Cancer and relationship challenges

Abalinx Social Media

Journal 15 January 2021

Life being what it is you make the best of your environment no matter the circumstances.  It is the same with relationships and for those who are married or in long term partnerships.  My wife Yovanna and I have known of each other since the 14 September 2000. We met on line and within another twelve months we were married. Click for a copy of the article: CANCER AND RELATIONSHIP CHALLENGES

Only a very few close friends know of the challenges we both faced and how during those dark days Yovanna and I remained close despite the numerous unwanted issues not of our making confronted us. Apart from the love for each other which we both knew was very special, I would be lying to readers if I said that we did not have differences of opinion, disagreements and huge arguments over the challenges we faced. Suffice to say, the close bond we had assisted us during the dark days, some of which were not resolved for a number of undisclosed years.  Still we kept the bond between us strong.

In 2015 after a successful European holiday, we both returned to Australia at different times as a result of responsibilities in Australia and that of our place of Birth.  Yes both of us were born in Greece which also unites us amongst many other threads of love. I was still not feeling the best and we decided that maybe a blood test will be able to provide clues regarding my consist unhealthy state.

I have already chronicled my journey for the past five years and have it had it published on the net and in the news media. My thanks to the many individuals who have assisted in saving my life and provided the ongoing support post stem cell therapy have been published elsewhere. The reason for publishing the journey was to raise the hopes of those going through a similar ordeal. An ordeal not of our choosing but did not wish on any one. The following letter below is being published with the approval of my lovely wife Yovanna who in her own words has reflected on the day we were advised of the body riddled with stage four cancer.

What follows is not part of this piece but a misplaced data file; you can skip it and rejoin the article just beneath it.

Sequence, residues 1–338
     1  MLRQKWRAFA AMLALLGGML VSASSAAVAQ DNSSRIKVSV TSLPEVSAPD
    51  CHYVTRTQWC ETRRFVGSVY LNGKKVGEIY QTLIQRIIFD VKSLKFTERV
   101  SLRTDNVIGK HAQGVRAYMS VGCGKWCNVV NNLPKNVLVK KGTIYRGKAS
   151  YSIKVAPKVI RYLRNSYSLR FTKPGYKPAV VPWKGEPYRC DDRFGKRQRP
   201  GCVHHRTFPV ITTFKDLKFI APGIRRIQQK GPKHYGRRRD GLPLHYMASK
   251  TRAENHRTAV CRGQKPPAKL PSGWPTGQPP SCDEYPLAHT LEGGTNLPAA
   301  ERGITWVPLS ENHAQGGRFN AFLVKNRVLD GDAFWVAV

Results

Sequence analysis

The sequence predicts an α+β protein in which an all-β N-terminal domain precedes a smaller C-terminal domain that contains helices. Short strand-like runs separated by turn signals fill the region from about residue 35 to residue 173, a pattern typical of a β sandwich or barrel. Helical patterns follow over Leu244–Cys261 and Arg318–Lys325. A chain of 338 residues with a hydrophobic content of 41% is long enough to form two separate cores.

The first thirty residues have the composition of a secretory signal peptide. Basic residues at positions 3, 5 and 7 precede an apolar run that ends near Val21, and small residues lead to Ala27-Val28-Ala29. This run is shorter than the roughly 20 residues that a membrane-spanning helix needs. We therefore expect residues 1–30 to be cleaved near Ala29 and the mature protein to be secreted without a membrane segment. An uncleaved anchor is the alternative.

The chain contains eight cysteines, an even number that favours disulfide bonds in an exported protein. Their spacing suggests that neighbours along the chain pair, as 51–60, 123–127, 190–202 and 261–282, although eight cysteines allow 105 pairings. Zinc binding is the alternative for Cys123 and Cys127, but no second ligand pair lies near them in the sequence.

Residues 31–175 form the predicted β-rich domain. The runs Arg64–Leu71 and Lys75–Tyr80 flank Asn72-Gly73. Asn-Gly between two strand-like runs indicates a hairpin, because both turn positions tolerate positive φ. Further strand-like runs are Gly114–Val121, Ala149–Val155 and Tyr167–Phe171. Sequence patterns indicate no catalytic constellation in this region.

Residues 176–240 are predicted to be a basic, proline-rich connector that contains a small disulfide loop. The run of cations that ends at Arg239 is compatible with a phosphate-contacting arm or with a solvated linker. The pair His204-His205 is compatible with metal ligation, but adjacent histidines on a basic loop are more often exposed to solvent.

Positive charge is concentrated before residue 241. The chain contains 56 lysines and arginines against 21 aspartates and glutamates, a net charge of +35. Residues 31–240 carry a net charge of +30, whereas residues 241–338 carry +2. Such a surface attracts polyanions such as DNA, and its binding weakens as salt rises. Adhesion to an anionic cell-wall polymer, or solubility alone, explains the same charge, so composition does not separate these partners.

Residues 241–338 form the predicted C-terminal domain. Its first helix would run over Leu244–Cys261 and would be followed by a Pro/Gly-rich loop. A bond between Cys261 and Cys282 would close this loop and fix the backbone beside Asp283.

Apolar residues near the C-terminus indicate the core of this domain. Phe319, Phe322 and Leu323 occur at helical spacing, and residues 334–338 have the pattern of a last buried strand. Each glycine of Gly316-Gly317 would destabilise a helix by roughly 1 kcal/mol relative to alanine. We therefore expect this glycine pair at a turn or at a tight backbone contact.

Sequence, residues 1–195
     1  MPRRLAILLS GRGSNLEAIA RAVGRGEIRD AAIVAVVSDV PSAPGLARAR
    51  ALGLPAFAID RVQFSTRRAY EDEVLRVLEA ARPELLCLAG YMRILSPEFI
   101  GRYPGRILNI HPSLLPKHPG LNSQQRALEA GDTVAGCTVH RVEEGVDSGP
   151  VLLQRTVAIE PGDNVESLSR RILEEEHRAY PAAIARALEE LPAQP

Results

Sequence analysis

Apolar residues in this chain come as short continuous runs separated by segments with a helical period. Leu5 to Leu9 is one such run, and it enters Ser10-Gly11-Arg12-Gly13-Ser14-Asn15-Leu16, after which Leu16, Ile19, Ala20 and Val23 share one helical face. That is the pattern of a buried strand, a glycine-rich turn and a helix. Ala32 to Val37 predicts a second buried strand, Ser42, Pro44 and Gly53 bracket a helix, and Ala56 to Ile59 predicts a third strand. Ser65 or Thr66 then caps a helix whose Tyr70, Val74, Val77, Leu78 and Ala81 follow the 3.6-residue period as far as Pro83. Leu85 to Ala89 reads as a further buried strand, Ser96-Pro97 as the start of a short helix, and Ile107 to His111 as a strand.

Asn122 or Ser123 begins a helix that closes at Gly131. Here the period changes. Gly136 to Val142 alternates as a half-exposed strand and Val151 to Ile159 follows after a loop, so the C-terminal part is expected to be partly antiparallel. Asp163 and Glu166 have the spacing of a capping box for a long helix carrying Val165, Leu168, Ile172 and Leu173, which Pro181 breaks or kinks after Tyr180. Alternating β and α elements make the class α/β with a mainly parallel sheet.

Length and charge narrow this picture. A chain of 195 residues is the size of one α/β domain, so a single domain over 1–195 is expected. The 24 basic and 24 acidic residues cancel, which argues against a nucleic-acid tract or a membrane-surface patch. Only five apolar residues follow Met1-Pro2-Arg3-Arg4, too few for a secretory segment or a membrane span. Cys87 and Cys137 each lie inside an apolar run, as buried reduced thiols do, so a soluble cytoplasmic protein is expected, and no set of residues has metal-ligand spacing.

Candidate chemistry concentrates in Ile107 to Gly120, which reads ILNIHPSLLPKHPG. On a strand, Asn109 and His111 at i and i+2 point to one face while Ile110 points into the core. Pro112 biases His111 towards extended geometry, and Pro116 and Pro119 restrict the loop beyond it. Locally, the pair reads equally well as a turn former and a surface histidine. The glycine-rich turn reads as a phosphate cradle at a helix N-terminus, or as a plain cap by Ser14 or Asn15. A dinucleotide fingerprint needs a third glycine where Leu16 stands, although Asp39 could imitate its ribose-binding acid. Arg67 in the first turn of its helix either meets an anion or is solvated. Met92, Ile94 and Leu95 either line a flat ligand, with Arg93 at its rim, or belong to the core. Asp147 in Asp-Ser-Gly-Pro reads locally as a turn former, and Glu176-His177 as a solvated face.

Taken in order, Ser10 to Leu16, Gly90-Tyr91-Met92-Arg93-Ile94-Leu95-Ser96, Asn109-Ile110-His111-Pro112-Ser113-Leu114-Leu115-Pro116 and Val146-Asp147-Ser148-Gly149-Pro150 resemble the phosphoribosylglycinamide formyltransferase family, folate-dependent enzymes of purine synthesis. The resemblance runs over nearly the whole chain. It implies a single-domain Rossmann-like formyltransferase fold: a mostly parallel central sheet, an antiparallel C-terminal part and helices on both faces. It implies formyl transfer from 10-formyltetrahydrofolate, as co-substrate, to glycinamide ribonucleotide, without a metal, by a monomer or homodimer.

Readers may not believe this, I am normally a reserved person, an introvert if you like, despite the appearance I demonstrate on line and when people meet me for the first time. As such, when my wife sent the letter to me, I almost broke down for it was the first time that she had opened up to me about her feelings and thoughts of that day.

Suffice to say I was touched very much. I have therefore published her letter online to show that when confronted with a life threatening disease, it is very important that spouses, partners, family, friends and colleagues support those undergoing treatment for an illnesses that has yet to be overcome successfully.  This is my wife’s thoughts for the day:

Peter Adamis is a Journalist/Social Media Commentator and writer. He is a retired Australian military serviceman and an Industry organisational, Environmental & Occupational (OHS) & Training Consultant whose interests are within the parameters of domestic and international political spectrum.  He is an avid blogger and contributes to domestic and international community news media outlets as well as to local and Ethnic News. He holds a Bachelor of Adult Learning & Development (Monash), Grad Dip Occupational Health & Safety, (Monash), and Dip. Training & Assessment, Dip Public Administration, and Dip Frontline Management. Website: abalinx.com

Before & After

A DAY I’LL ALWAYS REMEMBER

Memory August 21, 2015, Yovanna Adamis